“Aloy, listen,” he begins, voice quiet and meant just for her. “ It doesn’t matter where you came from. Believe me, I understand not liking your origins. But you’re not her. You’re not a machine. You were brought to the world with a purpose, but you did more than defeat HADES. You brought people from all walks of life together. To fight for one common purpose. People that had been at each other’s throats for years. You saved lives along the way that had nothing to do with that purpose. You...you kicked my ass into gear when I couldn’t be bothered to do it for myself.”

She rolls her eyes, turning her face only just enough to let him see how frustrated she looks.

“Only because Ersa wanted you to be better. She knew you could be better. So did I.”

“But do you see, Aloy? She wasn’t here to do that. That woman from long ago. You’re not her, and you’re not a machine. You’re a person who’s been sitting here crying, mourning someone that had nothing to do with her. He did have nothing to do with her, right?”

She nods, sniffles, and turns away again to watch the water. He gives the side of her face a small smile.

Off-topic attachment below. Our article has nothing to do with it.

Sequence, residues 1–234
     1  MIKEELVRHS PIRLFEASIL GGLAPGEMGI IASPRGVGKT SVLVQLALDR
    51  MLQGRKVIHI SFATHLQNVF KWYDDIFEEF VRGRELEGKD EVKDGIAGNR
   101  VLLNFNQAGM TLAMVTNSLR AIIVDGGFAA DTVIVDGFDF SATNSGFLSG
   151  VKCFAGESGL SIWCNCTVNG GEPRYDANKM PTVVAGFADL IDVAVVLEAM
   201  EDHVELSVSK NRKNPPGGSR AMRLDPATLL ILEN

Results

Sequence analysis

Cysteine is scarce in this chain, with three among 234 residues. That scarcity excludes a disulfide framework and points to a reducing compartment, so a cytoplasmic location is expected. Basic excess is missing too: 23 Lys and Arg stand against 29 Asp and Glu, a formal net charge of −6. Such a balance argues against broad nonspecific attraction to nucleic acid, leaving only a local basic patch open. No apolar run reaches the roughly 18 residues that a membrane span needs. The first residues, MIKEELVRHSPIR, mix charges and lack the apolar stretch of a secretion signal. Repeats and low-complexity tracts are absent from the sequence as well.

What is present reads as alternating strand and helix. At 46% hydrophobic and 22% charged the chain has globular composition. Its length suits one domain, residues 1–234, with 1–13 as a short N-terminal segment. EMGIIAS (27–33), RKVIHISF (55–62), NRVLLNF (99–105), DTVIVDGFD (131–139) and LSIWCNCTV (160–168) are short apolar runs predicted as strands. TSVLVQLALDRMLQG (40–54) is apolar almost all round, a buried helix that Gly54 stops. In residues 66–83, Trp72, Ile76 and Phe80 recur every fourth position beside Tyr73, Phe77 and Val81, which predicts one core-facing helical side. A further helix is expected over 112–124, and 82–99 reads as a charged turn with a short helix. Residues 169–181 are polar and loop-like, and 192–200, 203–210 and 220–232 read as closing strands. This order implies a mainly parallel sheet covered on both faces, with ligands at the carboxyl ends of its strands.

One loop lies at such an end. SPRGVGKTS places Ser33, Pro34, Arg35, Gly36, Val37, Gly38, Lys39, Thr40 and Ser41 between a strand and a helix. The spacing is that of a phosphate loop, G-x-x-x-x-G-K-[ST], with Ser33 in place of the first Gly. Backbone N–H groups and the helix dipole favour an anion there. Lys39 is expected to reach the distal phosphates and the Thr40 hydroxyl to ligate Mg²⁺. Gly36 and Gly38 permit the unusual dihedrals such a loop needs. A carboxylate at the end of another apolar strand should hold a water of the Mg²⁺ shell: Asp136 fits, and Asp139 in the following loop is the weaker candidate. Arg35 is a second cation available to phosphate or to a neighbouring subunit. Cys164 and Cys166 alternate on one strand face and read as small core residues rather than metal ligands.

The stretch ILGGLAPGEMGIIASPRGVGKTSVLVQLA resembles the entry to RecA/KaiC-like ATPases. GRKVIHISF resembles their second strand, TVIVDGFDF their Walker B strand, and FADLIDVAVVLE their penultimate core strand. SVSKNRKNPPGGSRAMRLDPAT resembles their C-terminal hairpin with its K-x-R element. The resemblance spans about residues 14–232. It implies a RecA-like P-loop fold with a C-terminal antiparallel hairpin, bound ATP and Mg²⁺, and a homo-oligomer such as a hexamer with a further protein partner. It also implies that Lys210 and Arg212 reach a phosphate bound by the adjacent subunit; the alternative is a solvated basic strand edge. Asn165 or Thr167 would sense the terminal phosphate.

“So there. You lived a life she never did. You still are. I mean, did she have a handsome guy like me around to make her look even smarter than she was?”

He hears a wet chuckle.

“I wish she had had someone like you around. Sometimes I think you’re loyal to a fault.”

“Hey, me being willing to follow you to the end of the world worked out in both our favors.”

The small smile she gives is answer enough, and he watches as she thinks quietly. He turns to press his side against hers, knee knocking against hers when moves to let his feet hang over the dock as well. Her shoulder presses against him as she leans into him, and he lets the back of his hand rest against her thigh. They breathe together in the quiet for a while, listening to rustling ferns and the water lapping at the stones. Their hands move every now and then, hers to push her hair back when the breeze hits her just right, his to flick a bug off her knee. The people of the village finish their nightly concerns, and most have gone home. The dock is silent between the two of them. He looks down to see the firelight play across her face.